India and Central Asia had close contacts in various fields of human activities from the earliest times. Archaeological excavations of stone and bronze cultures in Central Asia have brought to light a similarity with cultures existing in northwest India of the same time. There are striking similarities between the finds from Altyntepe in southern Turkmenistan and the relics of Harappan Culture in northwest India. More concrete historical evidence can he found during Kushana period. These relations became closer in the medieval times because the founders of the Delhi Sultanate and the Mughal Empire in the 13th and 16th centuries respectively hailed from Central Asian lands. Along with conquerors and founders of the ruling dynasties came the scholars, poets, scientists and Sufi saints. Religious influence spreading from one direction to the other set in motion a process of reciprocal cultural enrichment. There was also unhindered overland trade carried by merchant caravans.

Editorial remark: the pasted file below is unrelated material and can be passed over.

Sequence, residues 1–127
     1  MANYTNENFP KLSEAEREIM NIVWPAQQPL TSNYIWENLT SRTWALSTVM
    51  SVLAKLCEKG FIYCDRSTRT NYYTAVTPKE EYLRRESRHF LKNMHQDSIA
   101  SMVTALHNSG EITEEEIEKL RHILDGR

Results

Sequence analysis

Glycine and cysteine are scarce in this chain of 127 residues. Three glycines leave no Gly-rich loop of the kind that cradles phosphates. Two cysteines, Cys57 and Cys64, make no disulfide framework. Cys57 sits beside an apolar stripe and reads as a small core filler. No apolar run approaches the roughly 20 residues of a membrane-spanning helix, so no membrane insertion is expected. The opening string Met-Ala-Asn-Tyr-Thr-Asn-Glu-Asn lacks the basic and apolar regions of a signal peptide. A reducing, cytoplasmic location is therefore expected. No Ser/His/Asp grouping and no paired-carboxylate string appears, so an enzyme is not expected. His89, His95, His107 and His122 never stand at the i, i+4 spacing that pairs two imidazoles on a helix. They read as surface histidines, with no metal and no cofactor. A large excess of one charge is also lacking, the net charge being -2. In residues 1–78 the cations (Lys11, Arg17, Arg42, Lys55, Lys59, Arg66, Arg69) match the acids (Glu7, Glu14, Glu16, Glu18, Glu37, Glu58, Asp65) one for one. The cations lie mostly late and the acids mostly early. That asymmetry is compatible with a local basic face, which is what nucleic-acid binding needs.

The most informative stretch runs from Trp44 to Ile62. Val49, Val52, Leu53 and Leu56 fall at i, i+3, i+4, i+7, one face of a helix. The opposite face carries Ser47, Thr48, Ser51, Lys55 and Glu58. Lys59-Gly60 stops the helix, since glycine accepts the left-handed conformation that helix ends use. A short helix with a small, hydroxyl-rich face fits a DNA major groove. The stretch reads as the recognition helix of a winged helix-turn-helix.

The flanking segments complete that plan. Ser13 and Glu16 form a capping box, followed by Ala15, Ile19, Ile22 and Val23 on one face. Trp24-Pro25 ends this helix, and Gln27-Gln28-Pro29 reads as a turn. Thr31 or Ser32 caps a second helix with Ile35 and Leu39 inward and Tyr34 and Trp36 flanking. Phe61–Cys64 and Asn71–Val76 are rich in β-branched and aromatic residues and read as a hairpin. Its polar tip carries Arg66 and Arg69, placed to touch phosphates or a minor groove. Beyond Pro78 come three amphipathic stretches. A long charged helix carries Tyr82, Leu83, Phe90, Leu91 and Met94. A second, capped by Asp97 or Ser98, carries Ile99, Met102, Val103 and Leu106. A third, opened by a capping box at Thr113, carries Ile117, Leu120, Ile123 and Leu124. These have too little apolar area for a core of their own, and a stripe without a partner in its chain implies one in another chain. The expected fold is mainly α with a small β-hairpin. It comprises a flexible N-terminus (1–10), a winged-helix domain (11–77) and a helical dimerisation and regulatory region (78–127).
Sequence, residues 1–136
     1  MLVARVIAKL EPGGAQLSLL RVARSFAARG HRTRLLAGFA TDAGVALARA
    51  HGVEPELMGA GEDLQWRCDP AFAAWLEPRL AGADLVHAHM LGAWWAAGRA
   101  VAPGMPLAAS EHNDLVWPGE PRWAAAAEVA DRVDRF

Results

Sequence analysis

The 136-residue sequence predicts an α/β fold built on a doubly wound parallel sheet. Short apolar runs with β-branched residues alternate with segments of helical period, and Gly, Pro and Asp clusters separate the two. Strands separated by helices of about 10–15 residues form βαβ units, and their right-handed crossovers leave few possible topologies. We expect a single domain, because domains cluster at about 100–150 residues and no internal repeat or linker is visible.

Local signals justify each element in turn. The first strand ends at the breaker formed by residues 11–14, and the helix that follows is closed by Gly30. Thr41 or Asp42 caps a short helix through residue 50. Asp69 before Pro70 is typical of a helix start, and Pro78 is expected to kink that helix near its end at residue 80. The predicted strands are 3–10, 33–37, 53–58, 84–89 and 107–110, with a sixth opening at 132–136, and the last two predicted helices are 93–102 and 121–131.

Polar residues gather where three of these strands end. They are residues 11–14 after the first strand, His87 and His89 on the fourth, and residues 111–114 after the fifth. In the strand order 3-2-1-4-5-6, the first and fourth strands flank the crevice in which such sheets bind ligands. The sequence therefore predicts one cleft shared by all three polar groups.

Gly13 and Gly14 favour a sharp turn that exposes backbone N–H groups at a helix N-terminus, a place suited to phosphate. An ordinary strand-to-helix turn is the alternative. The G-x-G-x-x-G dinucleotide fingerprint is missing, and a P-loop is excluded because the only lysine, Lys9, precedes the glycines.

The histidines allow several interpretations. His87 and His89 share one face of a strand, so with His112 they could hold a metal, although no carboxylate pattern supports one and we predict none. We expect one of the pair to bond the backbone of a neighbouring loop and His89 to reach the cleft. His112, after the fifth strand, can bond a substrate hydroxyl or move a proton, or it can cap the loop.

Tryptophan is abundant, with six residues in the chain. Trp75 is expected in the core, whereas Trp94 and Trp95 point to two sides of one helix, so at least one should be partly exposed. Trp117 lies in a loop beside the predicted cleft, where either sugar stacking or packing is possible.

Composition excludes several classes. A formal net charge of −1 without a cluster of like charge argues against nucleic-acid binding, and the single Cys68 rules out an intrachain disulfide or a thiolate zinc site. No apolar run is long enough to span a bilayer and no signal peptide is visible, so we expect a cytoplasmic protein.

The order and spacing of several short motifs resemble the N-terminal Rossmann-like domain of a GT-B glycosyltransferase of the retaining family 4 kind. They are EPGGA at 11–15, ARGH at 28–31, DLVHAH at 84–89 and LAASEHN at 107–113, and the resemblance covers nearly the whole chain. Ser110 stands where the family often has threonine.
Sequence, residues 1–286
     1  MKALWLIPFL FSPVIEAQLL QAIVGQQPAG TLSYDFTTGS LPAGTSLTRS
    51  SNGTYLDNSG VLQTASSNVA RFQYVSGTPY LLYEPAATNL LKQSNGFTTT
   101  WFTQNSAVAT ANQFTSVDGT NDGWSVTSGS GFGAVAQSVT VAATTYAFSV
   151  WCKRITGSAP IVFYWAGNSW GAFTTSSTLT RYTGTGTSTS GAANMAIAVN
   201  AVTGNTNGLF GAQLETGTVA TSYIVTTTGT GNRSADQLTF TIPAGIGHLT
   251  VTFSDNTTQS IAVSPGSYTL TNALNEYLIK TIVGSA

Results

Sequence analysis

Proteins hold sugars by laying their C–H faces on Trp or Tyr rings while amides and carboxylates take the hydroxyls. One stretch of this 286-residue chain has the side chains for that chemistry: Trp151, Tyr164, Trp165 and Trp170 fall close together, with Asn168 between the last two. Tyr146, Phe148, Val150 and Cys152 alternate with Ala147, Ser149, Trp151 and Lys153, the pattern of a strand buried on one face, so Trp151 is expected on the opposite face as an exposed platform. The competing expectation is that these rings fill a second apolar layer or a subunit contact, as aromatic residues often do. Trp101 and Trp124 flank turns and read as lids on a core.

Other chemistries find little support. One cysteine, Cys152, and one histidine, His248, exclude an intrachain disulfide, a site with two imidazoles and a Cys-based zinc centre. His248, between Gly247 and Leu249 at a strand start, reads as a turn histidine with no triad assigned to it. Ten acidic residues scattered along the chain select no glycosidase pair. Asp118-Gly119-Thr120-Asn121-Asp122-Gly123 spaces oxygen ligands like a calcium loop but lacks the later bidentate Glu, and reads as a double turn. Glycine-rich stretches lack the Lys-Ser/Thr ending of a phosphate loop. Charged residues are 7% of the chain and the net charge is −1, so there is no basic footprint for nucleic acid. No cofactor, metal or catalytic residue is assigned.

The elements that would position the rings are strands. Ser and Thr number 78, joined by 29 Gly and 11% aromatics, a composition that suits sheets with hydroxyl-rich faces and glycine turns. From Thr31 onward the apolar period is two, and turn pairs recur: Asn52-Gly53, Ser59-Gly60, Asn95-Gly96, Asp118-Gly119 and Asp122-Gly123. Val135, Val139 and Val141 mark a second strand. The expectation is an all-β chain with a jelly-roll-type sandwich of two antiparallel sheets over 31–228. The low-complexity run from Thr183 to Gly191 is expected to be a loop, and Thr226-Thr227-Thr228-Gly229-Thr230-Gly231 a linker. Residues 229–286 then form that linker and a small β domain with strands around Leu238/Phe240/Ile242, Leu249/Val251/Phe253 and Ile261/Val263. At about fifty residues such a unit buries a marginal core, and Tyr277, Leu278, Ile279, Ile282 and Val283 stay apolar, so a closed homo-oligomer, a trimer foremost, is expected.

Like Indo-Central Asian relations, Indo-Russian relations also go back to remote past. There have been deep and abiding links because of geopolitical and strategic considerations. However, Central Asia has been continuously a vital link in relations between India and Russia.
The present volume aims to trace these contacts and gives an overview of the origin, historical development, present state of relationship and future challenges.
India, Central Asia, and Russia represent a certain harmony of originally distant and distinct cultures and civilizations finding a certain post-ideological affinity based on geography, historical links and common technological and economic challenges. The core of this conceptual agreement and its policy consequences is in pluralism, secularism, multi-ethnicity and cultural synthesis.